Paying respects at the crash site, 60 years after The Day the Music Died

Earlier this month was the 60th anniversary of "The Day the Music Died". Don McLean coined that phrase in his 1971 smash hit "American Pie". Of course, I'm talking about the February 3, 1959 crash that took the lives of Buddy Holly, Ritchie Valens, and J.P. "The Big Bopper" Richardson. All three musicians plus their pilot Roger Peterson perished just north of Clear Lake, Iowa.

The tragic crash snuffed out the careers and lives of arguably some of the biggest stars of the day. It had a profound affect on American music and pop culture. It also instantly made the Surf Ballroom in Clear Lake famous for being the last place these three stars performed.

On the weekend of the 60th anniversary of the crash, I found myself up in North Iowa so I decided to visit the crash site. I've been to the Surf Ballroom, but had never actually visited the crash site memorial. Located several miles north of Clear Lake, the crash site is actually in a field and a bit of a hike from the road.

There's a large pair of glasses, similar to what Buddy Holly wore, near the road marking the beginning to the path to the memorial.

Because it was the anniversary and the annual Winter Dance Party was that night at the Surf, there were a lot of visitors making the trek to the memorial when I was there. Several cars were parked along the road.

On this particular morning, the path was pretty muddy but I was not going to let a little mud get in the way of my visit. Hopefully when you visit, it will be nicer weather and the ground will be better to walk on. Many of the pictures on the Internet show the path to be grassy during warmer months.

On either side of the trail are agricultural fields that will be planted to crops in just a few months.

Once you get to the site (about a 10 minute walk from the road), there's a small memorial in the fence line.

There is a marker for the three musicians as well as as separate marker for the pilot.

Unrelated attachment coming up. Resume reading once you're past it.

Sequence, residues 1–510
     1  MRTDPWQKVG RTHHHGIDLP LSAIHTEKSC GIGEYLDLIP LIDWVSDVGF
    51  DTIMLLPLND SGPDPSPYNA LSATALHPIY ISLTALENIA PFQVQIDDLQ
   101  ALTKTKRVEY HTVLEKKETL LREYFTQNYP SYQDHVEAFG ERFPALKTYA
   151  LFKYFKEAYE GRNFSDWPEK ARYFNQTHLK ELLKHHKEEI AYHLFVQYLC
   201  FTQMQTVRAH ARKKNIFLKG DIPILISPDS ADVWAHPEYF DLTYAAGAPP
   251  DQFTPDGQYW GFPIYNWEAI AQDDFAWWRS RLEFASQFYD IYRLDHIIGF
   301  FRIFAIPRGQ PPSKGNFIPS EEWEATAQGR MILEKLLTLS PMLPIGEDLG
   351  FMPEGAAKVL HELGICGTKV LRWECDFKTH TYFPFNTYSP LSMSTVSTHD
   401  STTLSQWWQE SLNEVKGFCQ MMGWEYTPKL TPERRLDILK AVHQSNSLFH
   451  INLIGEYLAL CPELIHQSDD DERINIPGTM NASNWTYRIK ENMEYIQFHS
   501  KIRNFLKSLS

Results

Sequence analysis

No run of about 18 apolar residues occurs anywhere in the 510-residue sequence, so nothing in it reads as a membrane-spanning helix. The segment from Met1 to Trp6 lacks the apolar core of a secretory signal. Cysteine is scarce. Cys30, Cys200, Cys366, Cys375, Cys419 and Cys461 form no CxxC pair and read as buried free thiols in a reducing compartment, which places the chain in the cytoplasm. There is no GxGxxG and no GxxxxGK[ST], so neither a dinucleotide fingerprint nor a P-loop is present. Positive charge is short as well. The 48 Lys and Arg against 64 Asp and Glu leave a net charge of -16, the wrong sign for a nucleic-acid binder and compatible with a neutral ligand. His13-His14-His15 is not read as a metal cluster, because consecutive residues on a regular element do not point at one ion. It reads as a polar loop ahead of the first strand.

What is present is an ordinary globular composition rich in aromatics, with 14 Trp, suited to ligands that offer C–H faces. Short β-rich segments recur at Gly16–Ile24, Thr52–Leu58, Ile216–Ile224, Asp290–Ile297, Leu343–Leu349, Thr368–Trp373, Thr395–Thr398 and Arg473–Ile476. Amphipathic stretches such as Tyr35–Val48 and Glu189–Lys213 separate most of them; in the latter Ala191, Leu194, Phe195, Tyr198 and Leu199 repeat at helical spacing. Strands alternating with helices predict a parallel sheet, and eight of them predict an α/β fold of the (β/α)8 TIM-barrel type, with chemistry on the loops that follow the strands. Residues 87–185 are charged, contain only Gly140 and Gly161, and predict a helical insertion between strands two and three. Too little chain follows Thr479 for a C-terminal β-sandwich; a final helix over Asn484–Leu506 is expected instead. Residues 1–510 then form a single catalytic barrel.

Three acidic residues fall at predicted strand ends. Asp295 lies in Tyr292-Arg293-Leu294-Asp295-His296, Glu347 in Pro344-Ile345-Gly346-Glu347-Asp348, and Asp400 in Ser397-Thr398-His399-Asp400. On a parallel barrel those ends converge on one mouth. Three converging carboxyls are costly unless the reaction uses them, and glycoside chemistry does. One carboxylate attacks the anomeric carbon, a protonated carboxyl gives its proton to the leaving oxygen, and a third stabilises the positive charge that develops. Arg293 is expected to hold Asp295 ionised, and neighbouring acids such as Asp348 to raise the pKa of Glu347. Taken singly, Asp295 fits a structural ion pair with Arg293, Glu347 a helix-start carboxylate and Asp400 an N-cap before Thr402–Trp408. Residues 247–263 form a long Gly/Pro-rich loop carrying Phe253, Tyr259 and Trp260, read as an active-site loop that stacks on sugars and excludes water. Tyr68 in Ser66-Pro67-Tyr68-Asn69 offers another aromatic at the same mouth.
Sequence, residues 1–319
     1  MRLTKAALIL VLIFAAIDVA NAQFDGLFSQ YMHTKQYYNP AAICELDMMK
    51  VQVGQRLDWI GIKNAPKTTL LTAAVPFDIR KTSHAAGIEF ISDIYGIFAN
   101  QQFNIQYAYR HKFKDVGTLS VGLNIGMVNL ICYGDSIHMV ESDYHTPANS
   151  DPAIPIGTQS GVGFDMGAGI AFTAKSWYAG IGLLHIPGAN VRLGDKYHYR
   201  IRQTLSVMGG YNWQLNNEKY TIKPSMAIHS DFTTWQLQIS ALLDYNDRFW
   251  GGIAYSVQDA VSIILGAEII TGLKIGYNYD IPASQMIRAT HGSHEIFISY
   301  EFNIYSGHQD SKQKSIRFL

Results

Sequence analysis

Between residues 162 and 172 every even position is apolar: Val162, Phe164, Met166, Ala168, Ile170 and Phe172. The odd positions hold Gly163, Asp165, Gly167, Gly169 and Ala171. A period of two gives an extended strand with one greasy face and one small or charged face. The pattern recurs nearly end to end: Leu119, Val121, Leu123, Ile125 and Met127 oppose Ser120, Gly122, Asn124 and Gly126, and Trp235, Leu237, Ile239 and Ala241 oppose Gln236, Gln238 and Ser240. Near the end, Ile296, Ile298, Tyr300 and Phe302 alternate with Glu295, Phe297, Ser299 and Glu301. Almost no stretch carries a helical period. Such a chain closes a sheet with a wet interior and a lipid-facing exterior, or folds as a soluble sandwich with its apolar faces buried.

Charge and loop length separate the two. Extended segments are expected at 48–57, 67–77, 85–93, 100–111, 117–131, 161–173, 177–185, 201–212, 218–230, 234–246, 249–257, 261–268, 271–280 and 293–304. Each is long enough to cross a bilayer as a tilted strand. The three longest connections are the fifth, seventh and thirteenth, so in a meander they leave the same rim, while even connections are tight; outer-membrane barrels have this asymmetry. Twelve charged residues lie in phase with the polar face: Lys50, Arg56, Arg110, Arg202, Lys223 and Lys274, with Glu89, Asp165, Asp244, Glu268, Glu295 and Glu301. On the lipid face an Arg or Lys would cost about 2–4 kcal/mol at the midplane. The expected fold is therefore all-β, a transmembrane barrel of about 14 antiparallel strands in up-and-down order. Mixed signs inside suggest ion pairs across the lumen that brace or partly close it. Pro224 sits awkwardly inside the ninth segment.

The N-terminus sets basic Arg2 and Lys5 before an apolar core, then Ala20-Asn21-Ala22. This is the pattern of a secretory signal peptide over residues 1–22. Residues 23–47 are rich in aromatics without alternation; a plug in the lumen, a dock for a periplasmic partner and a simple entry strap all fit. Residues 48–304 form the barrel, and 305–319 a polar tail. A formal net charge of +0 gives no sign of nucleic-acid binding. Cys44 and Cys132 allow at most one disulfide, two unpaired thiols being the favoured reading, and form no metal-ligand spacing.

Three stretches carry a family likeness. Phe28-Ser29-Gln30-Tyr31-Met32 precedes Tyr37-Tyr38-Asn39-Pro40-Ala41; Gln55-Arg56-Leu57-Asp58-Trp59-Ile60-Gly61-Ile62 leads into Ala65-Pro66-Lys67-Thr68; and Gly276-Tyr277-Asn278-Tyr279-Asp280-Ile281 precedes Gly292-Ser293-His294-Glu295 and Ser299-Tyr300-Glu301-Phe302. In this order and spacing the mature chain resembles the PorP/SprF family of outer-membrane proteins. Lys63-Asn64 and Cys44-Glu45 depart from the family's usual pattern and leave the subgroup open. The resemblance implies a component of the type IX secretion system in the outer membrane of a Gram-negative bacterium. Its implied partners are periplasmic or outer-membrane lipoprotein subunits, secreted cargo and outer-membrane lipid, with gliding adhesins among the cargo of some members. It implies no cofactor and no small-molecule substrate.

I stopped at the Surf Ballroom back in town but the actual ballroom was closed. They were getting ready for that evening's Winter Dance Party, an event that happens every year on the weekend of the crash.

The Surf was added to the National Register of Historic Places in 2011. I stopped there last February when I was in Clear Lake for the Color the Wind kite festival. However, the entire building was closed that day.

There's a monument out front to the three musicians.

There is lots of parking by the building.

I was not allowed to see the actual ballroom (I still haven't actually seen it in any of my prior visits). They had security and black curtains blocking the view.

However, I did manage to take one photo, very quickly, around a curtain. There were some sound checks going on.

I did wander around and look at some of artifacts and pictures on the walls. There's a lot of music history in a place like this.

You can find some great information about the tour that the musicians were on in the winter of 1959.

There's a gift shop if you want a souvenir to take home.

The Surf was recently honored with a nomination by the Academy of Country Music for venue of the year - small. I certainly wish them well with this. It's a neat honor to be recognized.

Hopefully someday I'll get back and finally get a chance to see the ballroom. Perhaps, I'll even be able to enjoy an event there. However, I was glad to finally see the crash site. It's obviously a sad place but it's also an important part of our state's history, too.

As always, I welcome your suggestions of places to visit and profile whether in Cerro Gordo County or any of the other 98 counties in Iowa. If you have a good idea or would like to host the Iowa Adventurer, please drop me a note through this website.